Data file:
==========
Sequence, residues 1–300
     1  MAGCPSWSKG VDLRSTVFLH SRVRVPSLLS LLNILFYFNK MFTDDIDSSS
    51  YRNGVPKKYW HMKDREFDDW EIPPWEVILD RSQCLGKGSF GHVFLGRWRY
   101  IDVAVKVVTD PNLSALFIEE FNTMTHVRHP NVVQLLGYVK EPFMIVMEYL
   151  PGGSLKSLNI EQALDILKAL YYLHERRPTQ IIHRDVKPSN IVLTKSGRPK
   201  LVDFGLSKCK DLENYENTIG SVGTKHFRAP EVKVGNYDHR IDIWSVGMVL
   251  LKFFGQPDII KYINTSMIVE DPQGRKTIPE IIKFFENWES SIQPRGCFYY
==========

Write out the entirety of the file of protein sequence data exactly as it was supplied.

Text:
Sequence, residues 1–300
     1  MAGCPSWSKG VDLRSTVFLH SRVRVPSLLS LLNILFYFNK MFTDDIDSSS
    51  YRNGVPKKYW HMKDREFDDW EIPPWEVILD RSQCLGKGSF GHVFLGRWRY
   101  IDVAVKVVTD PNLSALFIEE FNTMTHVRHP NVVQLLGYVK EPFMIVMEYL
   151  PGGSLKSLNI EQALDILKAL YYLHERRPTQ IIHRDVKPSN IVLTKSGRPK
   201  LVDFGLSKCK DLENYENTIG SVGTKHFRAP EVKVGNYDHR IDIWSVGMVL
   251  LKFFGQPDII KYINTSMIVE DPQGRKTIPE IIKFFENWES SIQPRGCFYY